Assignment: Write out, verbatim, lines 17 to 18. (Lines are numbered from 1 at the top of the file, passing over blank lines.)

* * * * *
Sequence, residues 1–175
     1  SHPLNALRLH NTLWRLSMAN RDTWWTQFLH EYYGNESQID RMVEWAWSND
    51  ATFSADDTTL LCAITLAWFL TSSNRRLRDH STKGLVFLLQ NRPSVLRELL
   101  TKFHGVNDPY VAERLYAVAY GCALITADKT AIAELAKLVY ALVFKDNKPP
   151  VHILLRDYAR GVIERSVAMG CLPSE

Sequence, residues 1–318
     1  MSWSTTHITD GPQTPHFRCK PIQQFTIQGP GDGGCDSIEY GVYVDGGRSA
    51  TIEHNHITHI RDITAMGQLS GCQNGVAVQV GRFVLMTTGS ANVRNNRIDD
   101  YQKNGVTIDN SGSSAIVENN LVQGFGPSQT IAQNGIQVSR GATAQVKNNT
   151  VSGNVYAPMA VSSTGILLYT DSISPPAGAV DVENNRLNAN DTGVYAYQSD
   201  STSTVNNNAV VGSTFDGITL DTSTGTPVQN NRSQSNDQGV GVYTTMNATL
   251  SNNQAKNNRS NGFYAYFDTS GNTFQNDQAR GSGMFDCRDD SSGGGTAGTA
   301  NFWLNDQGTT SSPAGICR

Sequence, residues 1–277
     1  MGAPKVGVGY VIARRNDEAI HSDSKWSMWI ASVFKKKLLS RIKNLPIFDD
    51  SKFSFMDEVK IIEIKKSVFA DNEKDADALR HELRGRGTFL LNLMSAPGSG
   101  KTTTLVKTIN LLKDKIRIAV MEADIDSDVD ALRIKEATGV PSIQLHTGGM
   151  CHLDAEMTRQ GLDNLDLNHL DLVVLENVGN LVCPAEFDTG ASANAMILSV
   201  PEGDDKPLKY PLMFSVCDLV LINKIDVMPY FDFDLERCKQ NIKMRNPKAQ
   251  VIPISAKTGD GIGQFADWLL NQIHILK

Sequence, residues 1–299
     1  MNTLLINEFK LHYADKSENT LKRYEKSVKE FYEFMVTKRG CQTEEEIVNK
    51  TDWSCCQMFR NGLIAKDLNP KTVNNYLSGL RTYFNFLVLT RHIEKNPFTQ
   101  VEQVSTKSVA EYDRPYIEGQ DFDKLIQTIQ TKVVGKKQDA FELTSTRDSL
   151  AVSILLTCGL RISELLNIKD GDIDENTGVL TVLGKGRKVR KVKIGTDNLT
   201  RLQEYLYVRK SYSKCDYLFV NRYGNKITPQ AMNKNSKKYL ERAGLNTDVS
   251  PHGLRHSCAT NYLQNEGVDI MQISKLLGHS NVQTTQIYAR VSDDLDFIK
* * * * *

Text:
   101  KTTTLVKTIN LLKDKIRIAV MEADIDSDVD ALRIKEATGV PSIQLHTGGM
   151  CHLDAEMTRQ GLDNLDLNHL DLVVLENVGN LVCPAEFDTG ASANAMILSV